Montgomery Dental Medicine Sleep Apnea

Cincinnati, OH Sleep Apnea

What is Sleep Apnea?

Sleep apnea is a disorder in which a person stops breathing during the night, perhaps hundreds of times, usually for periods of 10 seconds or longer and sometimes for as long as a minute. These gaps in breathing are called apneas. (Apnea literally meaning absence of breath.) It is usually accompanied by snoring. People who have sleep apnea may not even be aware of the condition, but it inevitably causes daytime sleepiness.

Obstructive Sleep Apnea

Obstructive Sleep Apnea (OSA), the most common form of apnea, occurs when tissues in the lower throat (or airway) collapse at intervals during sleep, thereby blocking the passage of air. In general, OSA occurs as follows:

  • On its way to the lungs, air passes through the nose, mouth, and throat (known as the upper airway).
  • Under normal conditions, the back of the throat is soft and pliant and tends to collapse inward as a person breathes.
  • Certain muscles, called dilator muscles, work against this to keep the airway open. Interference or abnormalities in this process cause air turbulence.
  • If the tissue at the back of the throat collapse and become momentarily blocked, apnea occurs. Breath is temporarily stopped. In most cases the person in unaware of it, although sometimes they awaken and gasp for breath.
  • In some cases, the interference is incomplete {called obstructive hypopnea} and causes continuous but slow and shallow breathing. In response the throat vibrates and makes the sound of snoring. Snoring can occur whether a person breathes through the mouth or nose.
  • Apnea decreases the amount of oxygen in the blood, and eventually this lack of oxygen triggers the lungs to suck in air.
  • At this point, the patient may make a gasping or snorting sound but does not usually fully wake up.

Symptoms in Adults

People with sleep apnea usually do not remember waking up during the night. Indicators of the problem may be such vague symptoms as the following:

  • Excessive daytime sleepiness
  • Morning Headaches
  • Irritability and even impaired mental or emotional functioning.
  • Snoring. Bed partners may report very loud and interrupted snoring.
  • Heartburn, {Acid back up that causes heartburn}

Self Sleep Assessment

Symptoms in Children

Sleep apnea occurs in about 2% of children. They may exhibit symptoms that differ from adults, including the following:

  • Longer total sleep time than normal in some children, especially obese children or those with severe apnea.
  • Snoring.
  • More effort in breathing at night the chest may have an inward motion during sleep.
  • Behavioral difficulties without any obvious cause, such as hyperactivity and inattention. {Some patients may even be misdiagnosed with attention - deficit hyperactivity disorder.}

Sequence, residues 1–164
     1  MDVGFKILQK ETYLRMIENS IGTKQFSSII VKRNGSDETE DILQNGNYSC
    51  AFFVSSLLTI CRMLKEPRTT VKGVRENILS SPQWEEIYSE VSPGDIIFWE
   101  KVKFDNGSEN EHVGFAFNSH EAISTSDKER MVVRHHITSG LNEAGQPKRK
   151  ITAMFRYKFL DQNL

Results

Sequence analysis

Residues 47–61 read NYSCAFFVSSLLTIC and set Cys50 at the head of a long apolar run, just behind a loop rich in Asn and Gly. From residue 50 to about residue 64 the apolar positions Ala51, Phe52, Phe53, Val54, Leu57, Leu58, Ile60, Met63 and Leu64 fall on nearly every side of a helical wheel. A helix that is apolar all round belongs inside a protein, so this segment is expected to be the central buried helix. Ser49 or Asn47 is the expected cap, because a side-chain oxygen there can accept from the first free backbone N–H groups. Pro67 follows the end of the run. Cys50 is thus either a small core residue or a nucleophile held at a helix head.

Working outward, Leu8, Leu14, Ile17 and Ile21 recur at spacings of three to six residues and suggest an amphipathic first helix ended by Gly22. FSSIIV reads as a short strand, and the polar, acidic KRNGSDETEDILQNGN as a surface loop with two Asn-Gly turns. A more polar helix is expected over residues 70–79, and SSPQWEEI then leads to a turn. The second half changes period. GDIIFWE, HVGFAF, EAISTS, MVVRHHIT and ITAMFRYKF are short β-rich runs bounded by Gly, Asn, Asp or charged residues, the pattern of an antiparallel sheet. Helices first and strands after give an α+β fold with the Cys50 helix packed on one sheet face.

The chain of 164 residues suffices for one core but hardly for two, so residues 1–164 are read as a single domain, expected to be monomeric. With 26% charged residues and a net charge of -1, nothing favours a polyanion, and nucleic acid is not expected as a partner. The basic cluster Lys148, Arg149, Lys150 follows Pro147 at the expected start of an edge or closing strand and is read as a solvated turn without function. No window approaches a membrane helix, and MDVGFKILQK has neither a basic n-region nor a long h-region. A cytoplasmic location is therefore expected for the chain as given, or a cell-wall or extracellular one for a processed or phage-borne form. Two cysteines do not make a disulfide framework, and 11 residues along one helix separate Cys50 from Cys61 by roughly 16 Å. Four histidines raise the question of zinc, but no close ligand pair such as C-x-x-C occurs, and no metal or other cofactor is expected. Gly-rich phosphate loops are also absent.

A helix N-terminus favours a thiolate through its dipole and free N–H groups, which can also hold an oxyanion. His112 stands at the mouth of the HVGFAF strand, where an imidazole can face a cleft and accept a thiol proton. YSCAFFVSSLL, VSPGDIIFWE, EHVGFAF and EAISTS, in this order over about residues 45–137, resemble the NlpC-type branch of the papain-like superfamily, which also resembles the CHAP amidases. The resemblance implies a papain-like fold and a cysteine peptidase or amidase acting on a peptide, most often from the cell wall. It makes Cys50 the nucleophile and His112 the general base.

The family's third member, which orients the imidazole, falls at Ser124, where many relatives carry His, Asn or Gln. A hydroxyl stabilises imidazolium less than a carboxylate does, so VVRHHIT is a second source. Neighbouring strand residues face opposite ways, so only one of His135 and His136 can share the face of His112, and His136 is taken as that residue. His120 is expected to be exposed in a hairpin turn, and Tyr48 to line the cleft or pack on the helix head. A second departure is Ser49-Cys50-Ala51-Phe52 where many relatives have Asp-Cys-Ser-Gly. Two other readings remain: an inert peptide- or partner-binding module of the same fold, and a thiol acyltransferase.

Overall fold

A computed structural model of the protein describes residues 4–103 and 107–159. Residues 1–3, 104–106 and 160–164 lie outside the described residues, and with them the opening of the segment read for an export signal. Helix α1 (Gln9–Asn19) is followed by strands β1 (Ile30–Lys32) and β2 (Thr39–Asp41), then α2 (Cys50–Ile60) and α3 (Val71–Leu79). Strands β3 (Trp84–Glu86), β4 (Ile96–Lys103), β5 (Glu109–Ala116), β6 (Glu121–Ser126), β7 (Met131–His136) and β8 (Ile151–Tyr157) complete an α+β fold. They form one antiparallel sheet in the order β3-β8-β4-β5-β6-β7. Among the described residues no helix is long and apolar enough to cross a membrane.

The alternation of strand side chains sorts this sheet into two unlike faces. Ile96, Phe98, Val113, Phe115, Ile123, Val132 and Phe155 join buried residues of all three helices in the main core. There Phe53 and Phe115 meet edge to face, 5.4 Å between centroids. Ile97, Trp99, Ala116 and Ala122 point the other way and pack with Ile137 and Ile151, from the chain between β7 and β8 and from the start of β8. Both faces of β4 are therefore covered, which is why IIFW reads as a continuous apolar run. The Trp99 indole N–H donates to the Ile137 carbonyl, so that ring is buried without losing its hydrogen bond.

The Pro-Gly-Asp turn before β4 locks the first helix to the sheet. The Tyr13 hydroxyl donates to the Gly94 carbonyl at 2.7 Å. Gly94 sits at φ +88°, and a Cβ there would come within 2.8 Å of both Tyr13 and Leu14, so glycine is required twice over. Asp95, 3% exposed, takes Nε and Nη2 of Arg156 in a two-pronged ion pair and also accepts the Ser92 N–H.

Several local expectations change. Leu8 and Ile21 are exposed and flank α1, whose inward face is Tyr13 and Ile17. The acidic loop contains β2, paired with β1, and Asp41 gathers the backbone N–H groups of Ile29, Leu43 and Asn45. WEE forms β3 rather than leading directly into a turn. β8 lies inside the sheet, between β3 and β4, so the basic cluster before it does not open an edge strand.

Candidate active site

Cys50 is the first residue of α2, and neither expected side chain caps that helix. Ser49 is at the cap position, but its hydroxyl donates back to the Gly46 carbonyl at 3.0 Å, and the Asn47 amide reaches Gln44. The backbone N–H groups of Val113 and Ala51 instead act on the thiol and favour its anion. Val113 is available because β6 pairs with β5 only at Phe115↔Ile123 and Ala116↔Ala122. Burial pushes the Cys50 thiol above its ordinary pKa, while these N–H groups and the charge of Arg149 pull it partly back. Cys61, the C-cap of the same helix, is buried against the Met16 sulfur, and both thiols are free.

• Irritability
  • Bed-wetting
  • Morning Headaches
  • Failure to grow and gain weight.

Dr. Bosma would like you to complete the following pediatric sleep questionnaire for your child to help him evaluate their current sleep and airway situation, which plays a major role in dental development.

What Causes Sleep Apnea?

Structural Abnormalities

Any structural abnormality in the face, skull, or airways that cause some obstruction or collapse in the upper airways and reduce air pressures can produce sleep apnea syndrome. Among the most likely structural cause of many cases of sleep apnea are abnormalities in tissue that lie between the back of the mouth and the esophagus {food pipe}. Enlarged soft palates {base of the tongue or the surrounding throat walls especially enlarged tonsils} have been particularly associated with many cases of sleep apnea.

Other causes researchers have identified associated with sleep apnea are as follows:

  • Nerve, Metabolic, and Mechanical Abnormalities
  • Obesity
  • Abnormal Sleep Behaviors
  • Facial or skull abnormalities, overbite, narrow upper jaw, receding chin and high elevated palates.
  • Overgrown tonsils or adenoids
  • Having a large neck circumference
  • Smoking and Alcohol use
  • Large tongue

Medical Conditions Often Related to Sleep Apnea

  • Diabetes
  • GERD {Gastro-esophageal Reflux Disease}
  • Hypothyroidism
  • High Blood Pressure
  • Coronary Artery Disease
  • Heart Attack
  • Seizures, epilepsy and other Nerve disorders.
  • Headaches, Migraines
  • Kidney Failure
  • Stroke
  • Just to name a few

Effect on Bed Partners

Because sleep apnea so often includes noisy snoring, the condition can also adversely affect the sleep quality of a patient's bed partner. Spouses or partners may also suffer from sleeplessness and fatigue. In some cases, the snoring can even disrupt relationships. Diagnosis and treatment of sleep apnea in the patient can, of course, help eliminate these problems.

How is Sleep Apnea Diagnosed?

General Guidelines for Seeking a Diagnosis of Sleep Apnea

Chronic daytime sleepiness and habitual snoring are primary signs of sleep apnea. The risks are even higher in people who are overweight, hypertensive, or both. All individuals who think they or a family member may have a sleeping disorder should discuss it with a medical professional immediately. It could just save your life.

Accepting new patients. For the best oral health service, call Montgomery Dental Medicine at 513-891-5860 to schedule an appointment. Because it’s not just about your teeth!

Sleep Apnea - Cincinnati, OH
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